SpaceX rocket makes liftoff, headed to space station
The rocket ship built by SpaceX lifted off gracefully in a nighttime launching and arced off in a streak of light amid loud applause.
The New York Times
CAPE CANAVERAL, Fla. — He does not have the name recognition of some other space entrepreneurs, people like Richard Branson, the founder of the Virgin empire, or Paul Allen of Microsoft fame, or Jeff Bezos, the Amazon.com billionaire.
But Elon Musk, a computer prodigy and serial entrepreneur whose ambitions include solving the world's energy needs and colonizing the solar system, was the man of the hour — or of 3:44 a.m. Tuesday, Eastern time — when the rocket ship built by his company, SpaceX, lifted off gracefully in a nighttime launching and arced off in a streak of light amid loud applause.
If all goes as planned, his unmanned Dragon capsule, lifted into orbit by his Falcon 9 rocket, will berth at the international-space station on Friday bearing a modest cargo: 162 meal packets (45 of them low-sodium), a laptop computer, a change of clothes for the station astronauts and 15 student experiments.
Far more important than the supplies is the proof of concept. Musk is trying to show the world that a determined entrepreneur can start a rocket company from scratch and, a decade later, end up doing a job that has until now been the exclusive province of federal governments.
It is the latest achievement by Musk, a cocky businessman who was born in South Africa and is one month shy of his 41st birthday. Best known for helping found PayPal and selling it to eBay in 2002 for $1.5 billion, he currently multitasks by running two companies he founded: SpaceX, officially known as the Space Exploration Technologies Corp., and Tesla Motors, which in 2008 brought to market a head-turning all-electric sports car, the Tesla Roadster. (On Tuesday, Tesla announced that customer deliveries of its electric sedan, the Model S, would begin on June 22 — ahead of schedule).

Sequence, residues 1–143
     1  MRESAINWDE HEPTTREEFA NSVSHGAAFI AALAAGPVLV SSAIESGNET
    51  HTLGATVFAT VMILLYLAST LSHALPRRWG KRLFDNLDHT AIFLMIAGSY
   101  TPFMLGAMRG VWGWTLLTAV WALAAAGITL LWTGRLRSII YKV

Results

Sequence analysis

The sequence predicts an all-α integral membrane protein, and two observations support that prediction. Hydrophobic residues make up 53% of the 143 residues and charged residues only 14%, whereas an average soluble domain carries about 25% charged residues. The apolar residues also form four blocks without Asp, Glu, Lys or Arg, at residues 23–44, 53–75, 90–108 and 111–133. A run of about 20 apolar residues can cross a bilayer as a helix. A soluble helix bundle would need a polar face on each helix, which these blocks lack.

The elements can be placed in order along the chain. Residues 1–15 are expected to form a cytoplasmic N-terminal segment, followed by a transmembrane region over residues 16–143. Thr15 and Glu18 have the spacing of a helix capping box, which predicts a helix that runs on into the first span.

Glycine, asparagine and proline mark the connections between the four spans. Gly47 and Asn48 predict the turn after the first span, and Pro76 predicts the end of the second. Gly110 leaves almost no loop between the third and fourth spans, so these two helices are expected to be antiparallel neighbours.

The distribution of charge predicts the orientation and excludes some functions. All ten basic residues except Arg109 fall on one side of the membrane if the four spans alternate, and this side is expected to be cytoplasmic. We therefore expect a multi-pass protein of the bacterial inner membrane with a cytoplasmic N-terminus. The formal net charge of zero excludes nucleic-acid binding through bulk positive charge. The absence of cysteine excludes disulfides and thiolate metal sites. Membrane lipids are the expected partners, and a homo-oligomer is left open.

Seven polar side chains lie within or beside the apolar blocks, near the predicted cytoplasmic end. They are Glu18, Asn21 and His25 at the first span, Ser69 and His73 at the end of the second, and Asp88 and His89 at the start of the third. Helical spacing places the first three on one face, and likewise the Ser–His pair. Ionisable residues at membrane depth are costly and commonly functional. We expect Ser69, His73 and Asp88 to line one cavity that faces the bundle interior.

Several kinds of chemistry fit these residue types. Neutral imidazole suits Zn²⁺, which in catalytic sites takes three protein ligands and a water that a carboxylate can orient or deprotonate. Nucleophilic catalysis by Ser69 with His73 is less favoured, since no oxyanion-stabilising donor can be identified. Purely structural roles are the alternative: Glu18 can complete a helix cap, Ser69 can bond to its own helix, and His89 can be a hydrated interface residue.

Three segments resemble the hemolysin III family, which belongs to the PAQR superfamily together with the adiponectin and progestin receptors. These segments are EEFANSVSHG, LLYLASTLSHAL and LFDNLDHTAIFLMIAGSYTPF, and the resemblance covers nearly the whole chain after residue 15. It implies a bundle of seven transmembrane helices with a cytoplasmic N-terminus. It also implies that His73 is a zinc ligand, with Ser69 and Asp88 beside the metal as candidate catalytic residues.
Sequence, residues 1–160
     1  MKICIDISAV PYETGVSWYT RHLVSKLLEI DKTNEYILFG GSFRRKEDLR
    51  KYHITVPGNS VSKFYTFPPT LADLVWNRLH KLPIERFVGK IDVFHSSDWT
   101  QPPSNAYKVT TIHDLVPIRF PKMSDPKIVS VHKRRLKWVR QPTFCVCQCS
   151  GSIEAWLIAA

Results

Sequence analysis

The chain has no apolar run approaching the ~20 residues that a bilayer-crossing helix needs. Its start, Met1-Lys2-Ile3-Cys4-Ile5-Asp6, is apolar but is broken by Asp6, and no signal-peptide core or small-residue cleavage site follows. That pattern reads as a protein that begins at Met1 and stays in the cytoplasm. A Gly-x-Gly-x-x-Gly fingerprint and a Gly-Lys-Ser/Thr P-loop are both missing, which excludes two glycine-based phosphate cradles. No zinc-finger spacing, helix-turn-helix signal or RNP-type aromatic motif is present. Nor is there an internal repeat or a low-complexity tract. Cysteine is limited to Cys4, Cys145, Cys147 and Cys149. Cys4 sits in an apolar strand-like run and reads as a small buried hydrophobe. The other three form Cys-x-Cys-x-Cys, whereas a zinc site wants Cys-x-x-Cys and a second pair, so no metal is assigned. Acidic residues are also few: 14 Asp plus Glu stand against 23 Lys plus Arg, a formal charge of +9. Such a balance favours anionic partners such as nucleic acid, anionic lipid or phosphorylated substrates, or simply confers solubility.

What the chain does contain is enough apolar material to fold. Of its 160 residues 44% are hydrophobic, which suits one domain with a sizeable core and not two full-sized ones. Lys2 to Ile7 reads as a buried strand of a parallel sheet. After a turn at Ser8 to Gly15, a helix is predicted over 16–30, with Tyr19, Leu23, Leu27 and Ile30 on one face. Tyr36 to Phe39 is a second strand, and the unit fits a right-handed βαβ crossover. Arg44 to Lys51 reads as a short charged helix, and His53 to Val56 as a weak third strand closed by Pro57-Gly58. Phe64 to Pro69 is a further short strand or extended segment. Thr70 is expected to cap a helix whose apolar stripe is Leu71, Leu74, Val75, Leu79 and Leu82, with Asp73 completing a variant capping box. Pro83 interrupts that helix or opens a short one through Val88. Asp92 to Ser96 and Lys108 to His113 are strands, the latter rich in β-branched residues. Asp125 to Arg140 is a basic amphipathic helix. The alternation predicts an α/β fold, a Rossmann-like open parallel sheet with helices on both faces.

He is also chairman of SolarCity, a company that designs and installs solar-energy systems.
SpaceX is based in Hawthorne, Calif., a few miles from Los Angeles International Airport, and Tesla is in Palo Alto in Northern California, but Musk runs both hands-on. Early Saturday morning, he was in SpaceX's mission control for the first launching attempt of the Falcon 9 when the computers called a last-second abort, shutting down engines that had already ignited.
On Tuesday, the Falcon 9 launched, putting Musk at the center of NASA's ambitious effort to turn over basic transportation to low-Earth orbit to private companies.
The Dragon is scheduled to stay at the station until the end of the month as astronauts unpack its cargo and replace it with items to bring back to Earth. Undocking on May 31, the Dragon will splash down in the Pacific Ocean off California. With the completion of a successful demonstration, SpaceX would begin a $1.6 billion contract to fly 12 cargo missions to the space station, and it hopes to be among the companies that NASA selects to take astronauts to the station.
Just four years ago, the first three launchings of the company's small Falcon 1 rocket failed. One more failure, Musk said, and he would have run out of money. As he went through a divorce from his first wife, with whom he has five sons, he had to borrow money from friends.
The fourth launching succeeded. Late in 2008, NASA awarded SpaceX the cargo contract.